Federal Court in San Francisco Dismisses Ecuadorian Cancer Claims Against Chevron As Knowingly False
Court Finds Case was "Manufactured by plaintiffs' counsel"
SAN RAMON, Calif., Aug. 7, 2007 -- On August 3, the U.S. District Court for the Northern District of California threw out complaints against Chevron Corporation filed on behalf of three Ecuadorians, finding that the plaintiffs fabricated their claims that they or their relative had cancer caused by the former operations of a Chevron subsidiary, Texaco Petroleum Company, in Ecuador.
The three plaintiffs -- Gloria Chamba, Luisa Gonzales and Gonzales's husband, Nixon Rodriguez Crespo -- were among a group of seven Ecuadorians who brought personal injury claims against Chevron. According to the lawsuits filed against Chevron, Ms. Chamba claimed that her son was diagnosed with leukemia, Ms. Gonzales claimed to have been diagnosed with breast cancer, and Mr. Crespo's claim was for "loss of consortium" related to his wife's cancer claim.
In a concise written decision, Judge William Alsup dismissed the personal injury claims by the three plaintiffs finding that the two women had admitted during cross-examination at sworn depositions that their cancer claims were false, and thus Mr. Crespo's claim was also without merit. The Court quoted Ms. Chamba's testimony that her son had never been diagnosed with cancer and that she had not authorized her lawyers to sue for cancer. The Court also quoted Ms. Gonzales' testimony that she falsely alleged she had been diagnosed with cancer because she thought "it would help her case."
In granting Chevron's motion for summary judgment and to dismiss as a sanction for fraud on the court, Judge Alsup delivered a sharp rebuke to the lawyers who brought the complaints against Chevron: "This is not the first evidence of possible misconduct by plaintiffs' counsel in this case. It is clear to the Court that this case was manufactured by plaintiffs' counsel for reasons other than to seek a recovery on these plaintiffs' behalf. This litigation is likely a smaller piece of some larger scheme against defendants." Chevron continues to believe that the claims of the other plaintiffs are without merit and will address them in a subsequent motion.
Judge Alsup reserved whether to impose monetary sanctions on plaintiffs' counsel.
The lawsuit was first filed against Chevron in April, 2006, by attorneys Cristobal Bonifaz of Amherst, Massachusetts, and Terry Collingsworth of the International Labor Rights Fund. Bonifaz was the sponsor of the Ecuador environmental litigation brought against Texaco Inc. in 1993 (ultimately dismissed by the U.S. Court of Appeals of the Second Circuit in 2002), and the current lawsuit against Chevron in Ecuador, though he is no longer affiliated with that litigation. Collingsworth has previously represented the Ecuador state oil company in its defense of an arbitration claim brought by Chevron.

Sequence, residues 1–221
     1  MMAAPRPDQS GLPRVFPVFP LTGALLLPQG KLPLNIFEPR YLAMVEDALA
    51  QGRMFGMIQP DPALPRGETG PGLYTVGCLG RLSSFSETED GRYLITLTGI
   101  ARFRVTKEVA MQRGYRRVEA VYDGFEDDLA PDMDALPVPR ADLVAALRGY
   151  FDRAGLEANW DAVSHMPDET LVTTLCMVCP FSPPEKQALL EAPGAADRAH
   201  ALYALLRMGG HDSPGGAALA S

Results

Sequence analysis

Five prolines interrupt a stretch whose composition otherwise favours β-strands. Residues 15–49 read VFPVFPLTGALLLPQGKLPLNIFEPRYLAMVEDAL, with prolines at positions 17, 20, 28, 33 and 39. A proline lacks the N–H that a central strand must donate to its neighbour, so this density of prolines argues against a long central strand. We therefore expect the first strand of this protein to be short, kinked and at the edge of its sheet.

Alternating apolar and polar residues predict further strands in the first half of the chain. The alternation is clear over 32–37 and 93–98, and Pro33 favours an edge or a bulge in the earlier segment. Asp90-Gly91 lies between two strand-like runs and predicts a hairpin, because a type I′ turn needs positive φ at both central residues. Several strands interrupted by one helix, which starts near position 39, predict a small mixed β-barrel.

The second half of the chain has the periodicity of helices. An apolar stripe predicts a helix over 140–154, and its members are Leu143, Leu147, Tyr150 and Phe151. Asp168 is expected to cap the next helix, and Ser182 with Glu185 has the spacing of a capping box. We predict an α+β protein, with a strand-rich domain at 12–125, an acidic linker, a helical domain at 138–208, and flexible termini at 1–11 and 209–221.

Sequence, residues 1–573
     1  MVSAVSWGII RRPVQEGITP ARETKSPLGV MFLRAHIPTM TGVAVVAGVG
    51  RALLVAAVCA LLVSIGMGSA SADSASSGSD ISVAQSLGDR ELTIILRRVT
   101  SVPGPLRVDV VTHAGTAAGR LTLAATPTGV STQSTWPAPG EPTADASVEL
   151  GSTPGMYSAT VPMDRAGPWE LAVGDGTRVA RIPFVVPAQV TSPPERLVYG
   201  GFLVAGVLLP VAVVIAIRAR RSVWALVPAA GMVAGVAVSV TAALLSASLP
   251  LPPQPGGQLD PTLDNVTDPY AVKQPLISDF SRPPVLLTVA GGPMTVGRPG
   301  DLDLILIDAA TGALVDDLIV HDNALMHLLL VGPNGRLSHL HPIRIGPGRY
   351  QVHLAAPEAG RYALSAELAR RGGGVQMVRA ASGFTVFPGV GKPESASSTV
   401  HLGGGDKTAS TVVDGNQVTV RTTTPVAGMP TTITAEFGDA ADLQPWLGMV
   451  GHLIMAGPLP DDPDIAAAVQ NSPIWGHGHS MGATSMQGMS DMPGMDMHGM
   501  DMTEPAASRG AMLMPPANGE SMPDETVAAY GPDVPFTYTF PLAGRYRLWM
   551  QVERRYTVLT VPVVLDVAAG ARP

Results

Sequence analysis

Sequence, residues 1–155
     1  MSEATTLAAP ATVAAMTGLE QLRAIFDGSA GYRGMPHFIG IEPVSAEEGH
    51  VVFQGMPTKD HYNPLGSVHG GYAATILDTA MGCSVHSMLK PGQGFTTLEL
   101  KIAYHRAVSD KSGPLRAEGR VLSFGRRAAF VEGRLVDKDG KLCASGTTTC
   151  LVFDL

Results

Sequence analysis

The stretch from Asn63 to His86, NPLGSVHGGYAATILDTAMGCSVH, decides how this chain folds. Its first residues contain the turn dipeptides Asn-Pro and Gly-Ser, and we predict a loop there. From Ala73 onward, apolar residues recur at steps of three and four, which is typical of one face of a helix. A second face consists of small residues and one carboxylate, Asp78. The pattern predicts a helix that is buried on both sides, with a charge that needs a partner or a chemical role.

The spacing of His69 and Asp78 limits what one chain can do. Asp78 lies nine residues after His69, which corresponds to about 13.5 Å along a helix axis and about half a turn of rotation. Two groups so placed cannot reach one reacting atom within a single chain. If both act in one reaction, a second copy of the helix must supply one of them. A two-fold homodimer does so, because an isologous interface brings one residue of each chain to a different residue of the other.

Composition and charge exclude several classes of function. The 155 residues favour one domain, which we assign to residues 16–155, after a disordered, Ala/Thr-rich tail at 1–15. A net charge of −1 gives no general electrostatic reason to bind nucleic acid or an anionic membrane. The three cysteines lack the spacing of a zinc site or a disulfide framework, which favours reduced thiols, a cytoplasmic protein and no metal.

To read Judge Alsup's ruling, please view http://www.texaco.com/sitelets/ecuador/docs/alsup_ruling.pdf
For additional information on this litigation, please visit http://www.texaco.com/sitelets/ecuador/en/
Note to Editors: The following are excerpts of the sworn depositions in which the plaintiffs acknowledged that they had fabricated their cancer claims:
Excerpts of Deposition of Gloria Chamba:
Q: In October 2002 did any of the doctors tell you that your son had been diagnosed with leukemia?
Q: Has any doctor ever told you that your son has been diagnosed with leukemia?
A: Absolutely not.
Q: Paragraph 12 of the complaint says that "In October 2002 Jane Gloria Chamba's son who was seven years old was diagnosed with leukemia." Did you know that (indicating)? . . .
Q: That's false, isn't it?
A: Yes, it's false.
Q: Your son was not diagnosed with leukemia in October 2002, was he?
Q: And your son has never been diagnosed with any type of cancer, has he?
Q: So when the complaint says that "Gloria Chamba's son contracted cancer because of his exposure to those toxins," that's false, isn't it?
Q: And when the complaint says that "Gloria Chamba provides care to her son as he slowly deteriorates from his cancer," that's false, isn't it?
Q: Did you ever authorize your lawyers to sue Texaco, claiming that your son has leukemia?
Q: Did your lawyers ever tell you that they were going to sue Texaco, claiming that your son was diagnosed with leukemia?
Q: Did Ms. Teresa [plaintiffs' paralegal] ever ask you whether your son had been diagnosed with leukemia?
Q: Did Ms. Teresa ever ask you whether your son had been diagnosed with any cancer?
Excerpts of Deposition of Luisa Gonzales:
Q: At the time you filed the complaint against Texaco in April 2006, did you know that you had not been diagnosed with breast cancer?
Q: You knew that it was false that you claimed to have breast cancer; right?
Q: And so you made up a false claim about having breast cancer, didn't you?
A: At that time, yes.
Q: Did you think it would help your case if you sued, claiming to have breast cancer, when you had not been diagnosed yet?
Q: Is that why you did it?
Q: Were you hoping that Texaco would pay you if you claimed to have cancer?
Updated: August 2007